CD0 = ( 0.4274794 + 0.000001146254 * Re - 7.559635 x 10-12 * Re2 - 3.817309 x 10-18 * Re3 + 2.389417 x 10-23 * Re4) / (1 - 0.000002120623 * Re + 2.952772 x 10-11* Re2 - 1.914687 x 10-16 * Re3 +  3.125996 x 10-22 * Re4)

Where Re is the Reynolds Number.

With spin, CD is calculated using the equation:

CD = ( CD0 + 2.2132291 * V/U - 10.345178 * ( V/U )2 + 16.157030 * ( V/U )3 - 5.27306480 * ( V/U )4) / (1 + 3.1077276 * ( V/U ) - 13.6598678 * ( V/U )2 + 24.00539887 * ( V/U )3 - 8.340493152 * ( V/U )4 + 0.07910093 * ( V/U )5);

where V is the rotational velocity and U is the linear velocity.

Notice that a sphere with a high amount of spin would have a CD of around 0.43, marginally less than the 0.47 I used for non-spinning spheres. 


        Section I-D-08:  Lift Coefficient

Again, I had to use Dr. Dyrkacz's polynomial to calculate CL.  

CL = (-0.0020907 - 0.208056226 * ( V/U ) + 0.768791456 * ( V/U )2 - 0.84865215 * ( V/U )3 + 0.75365982 * ( V/U )4) / (1 - 4.82629033 * ( V/U ) + 9.95459464 * ( V/U )2 - 7.85649742 * ( V/U )3 + 3.273765328 * ( V/U )4);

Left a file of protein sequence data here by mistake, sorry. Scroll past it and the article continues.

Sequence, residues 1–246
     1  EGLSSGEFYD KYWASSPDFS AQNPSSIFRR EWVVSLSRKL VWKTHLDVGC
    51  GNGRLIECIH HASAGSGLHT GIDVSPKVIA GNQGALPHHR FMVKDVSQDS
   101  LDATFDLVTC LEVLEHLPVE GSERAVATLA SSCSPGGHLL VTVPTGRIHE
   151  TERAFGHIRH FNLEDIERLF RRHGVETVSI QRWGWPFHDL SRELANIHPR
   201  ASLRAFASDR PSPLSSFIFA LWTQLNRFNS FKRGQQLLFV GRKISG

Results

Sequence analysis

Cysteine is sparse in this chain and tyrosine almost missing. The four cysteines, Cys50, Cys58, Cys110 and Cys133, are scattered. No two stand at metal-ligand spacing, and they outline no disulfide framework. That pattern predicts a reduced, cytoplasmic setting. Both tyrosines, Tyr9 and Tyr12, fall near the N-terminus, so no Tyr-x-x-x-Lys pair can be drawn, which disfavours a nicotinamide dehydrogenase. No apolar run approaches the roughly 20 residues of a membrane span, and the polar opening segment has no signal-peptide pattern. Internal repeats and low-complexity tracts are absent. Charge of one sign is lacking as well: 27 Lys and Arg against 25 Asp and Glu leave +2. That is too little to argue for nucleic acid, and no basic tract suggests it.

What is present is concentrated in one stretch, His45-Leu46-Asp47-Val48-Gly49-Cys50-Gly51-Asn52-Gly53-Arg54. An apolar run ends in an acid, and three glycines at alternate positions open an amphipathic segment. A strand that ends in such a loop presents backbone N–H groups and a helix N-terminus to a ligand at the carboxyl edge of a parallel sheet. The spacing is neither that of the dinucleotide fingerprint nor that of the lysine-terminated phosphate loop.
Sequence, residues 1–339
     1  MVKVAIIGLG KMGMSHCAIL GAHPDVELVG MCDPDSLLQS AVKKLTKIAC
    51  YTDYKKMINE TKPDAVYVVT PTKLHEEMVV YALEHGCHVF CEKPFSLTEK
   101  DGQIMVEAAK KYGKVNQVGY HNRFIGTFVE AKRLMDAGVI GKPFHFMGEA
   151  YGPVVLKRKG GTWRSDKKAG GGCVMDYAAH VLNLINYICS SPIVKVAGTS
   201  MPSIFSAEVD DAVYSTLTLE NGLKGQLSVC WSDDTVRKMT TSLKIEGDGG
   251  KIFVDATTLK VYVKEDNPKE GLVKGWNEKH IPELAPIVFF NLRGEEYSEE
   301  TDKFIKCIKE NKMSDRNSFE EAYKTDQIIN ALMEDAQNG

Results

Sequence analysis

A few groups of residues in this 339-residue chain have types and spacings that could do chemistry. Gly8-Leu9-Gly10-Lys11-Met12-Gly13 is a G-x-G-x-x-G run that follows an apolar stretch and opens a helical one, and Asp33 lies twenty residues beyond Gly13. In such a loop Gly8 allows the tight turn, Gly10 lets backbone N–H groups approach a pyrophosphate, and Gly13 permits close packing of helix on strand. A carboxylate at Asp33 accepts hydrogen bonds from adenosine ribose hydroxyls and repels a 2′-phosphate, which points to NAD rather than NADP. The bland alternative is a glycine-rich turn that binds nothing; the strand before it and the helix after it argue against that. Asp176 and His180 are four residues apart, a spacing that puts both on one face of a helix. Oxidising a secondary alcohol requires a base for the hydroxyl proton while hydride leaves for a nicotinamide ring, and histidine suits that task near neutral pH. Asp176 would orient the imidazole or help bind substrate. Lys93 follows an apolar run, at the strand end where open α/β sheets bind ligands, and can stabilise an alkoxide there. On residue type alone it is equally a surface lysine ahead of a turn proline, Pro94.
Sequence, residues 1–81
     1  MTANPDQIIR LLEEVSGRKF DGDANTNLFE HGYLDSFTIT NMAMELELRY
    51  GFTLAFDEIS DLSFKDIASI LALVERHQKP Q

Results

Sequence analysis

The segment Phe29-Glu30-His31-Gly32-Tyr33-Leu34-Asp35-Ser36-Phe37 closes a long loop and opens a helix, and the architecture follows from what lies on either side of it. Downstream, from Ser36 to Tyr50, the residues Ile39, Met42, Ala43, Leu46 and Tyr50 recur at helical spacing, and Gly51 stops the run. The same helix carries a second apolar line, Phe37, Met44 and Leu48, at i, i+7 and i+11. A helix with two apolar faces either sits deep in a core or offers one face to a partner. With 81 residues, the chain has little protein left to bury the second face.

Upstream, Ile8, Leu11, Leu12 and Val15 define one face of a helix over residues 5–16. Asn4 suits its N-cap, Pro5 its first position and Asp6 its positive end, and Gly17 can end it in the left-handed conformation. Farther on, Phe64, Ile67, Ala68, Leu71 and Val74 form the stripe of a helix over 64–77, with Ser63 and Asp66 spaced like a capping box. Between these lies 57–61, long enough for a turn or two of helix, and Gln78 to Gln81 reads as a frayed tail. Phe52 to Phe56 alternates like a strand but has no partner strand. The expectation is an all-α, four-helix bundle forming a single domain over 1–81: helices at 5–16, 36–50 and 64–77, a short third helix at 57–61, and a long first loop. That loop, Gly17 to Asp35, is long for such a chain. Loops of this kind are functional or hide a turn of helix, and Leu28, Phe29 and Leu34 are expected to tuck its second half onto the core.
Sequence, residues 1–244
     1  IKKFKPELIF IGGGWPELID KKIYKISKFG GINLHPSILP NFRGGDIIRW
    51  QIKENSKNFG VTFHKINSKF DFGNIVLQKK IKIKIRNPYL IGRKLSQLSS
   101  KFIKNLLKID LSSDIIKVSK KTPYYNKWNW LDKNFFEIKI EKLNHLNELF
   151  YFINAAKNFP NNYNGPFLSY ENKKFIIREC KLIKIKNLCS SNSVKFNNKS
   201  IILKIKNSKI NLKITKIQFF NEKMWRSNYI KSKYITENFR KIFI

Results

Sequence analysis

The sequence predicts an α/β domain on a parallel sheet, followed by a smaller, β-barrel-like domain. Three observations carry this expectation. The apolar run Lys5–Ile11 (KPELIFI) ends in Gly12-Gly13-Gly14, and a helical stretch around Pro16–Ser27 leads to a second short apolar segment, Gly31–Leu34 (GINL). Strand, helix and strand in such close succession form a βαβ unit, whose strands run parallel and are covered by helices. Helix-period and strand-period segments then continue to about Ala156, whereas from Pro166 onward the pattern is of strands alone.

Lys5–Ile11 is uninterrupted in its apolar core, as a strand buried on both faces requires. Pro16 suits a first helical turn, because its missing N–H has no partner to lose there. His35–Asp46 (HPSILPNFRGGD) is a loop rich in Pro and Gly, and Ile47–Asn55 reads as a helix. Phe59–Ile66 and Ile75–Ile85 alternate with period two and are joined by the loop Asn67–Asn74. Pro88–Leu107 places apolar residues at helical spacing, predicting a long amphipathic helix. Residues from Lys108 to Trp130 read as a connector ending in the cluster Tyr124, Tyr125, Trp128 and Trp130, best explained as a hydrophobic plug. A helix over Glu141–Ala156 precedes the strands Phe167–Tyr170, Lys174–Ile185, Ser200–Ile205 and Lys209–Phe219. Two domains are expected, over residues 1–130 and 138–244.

Section I-D-09:  Gravity

Gravity can normally be assumed as a constant mass times acceleration where the gravitational acceleration is about 9.8 m /s 2However, gravity can be more accurately calculated (and was done so in the model) by using the following equation:

Ag = 9.7803185 * [ 1 + ( 0.005278895 * ( sine (Lat) ) 2 ) - 0.0000589 * ( sine (2 * Lat) ) 2 ) ]

where Lat is the latitude in degrees. 

The acceleration due to gravity varies from about 9.78 m /s 2 at the equator to about 9.83 m /s 2 at the poles.  In truth, while the model did take into account the variation of the gravitational acceleration in accordance with latitude, it was not necessary to do so.  The effects of gravity at various latitudes has a miniscule effect on trajectory; using a constant of 9.8 m /s 2 would have been sufficient.   


* "Experiments of the flow past spheres at very high Reynolds numbers," Achenbach. E., in American Journal of Physics, 54, 565-575 (1972).

** "Aerodynamics of sports balls," Rabindra D. Mehta, in Annual Review of Fluid Mechanics, 17, pages 151-189 (1985).

*** Davies, J.M., The Aerodynamics of Golf Balls, Journal of Applied Physics, 20, pages 821-828.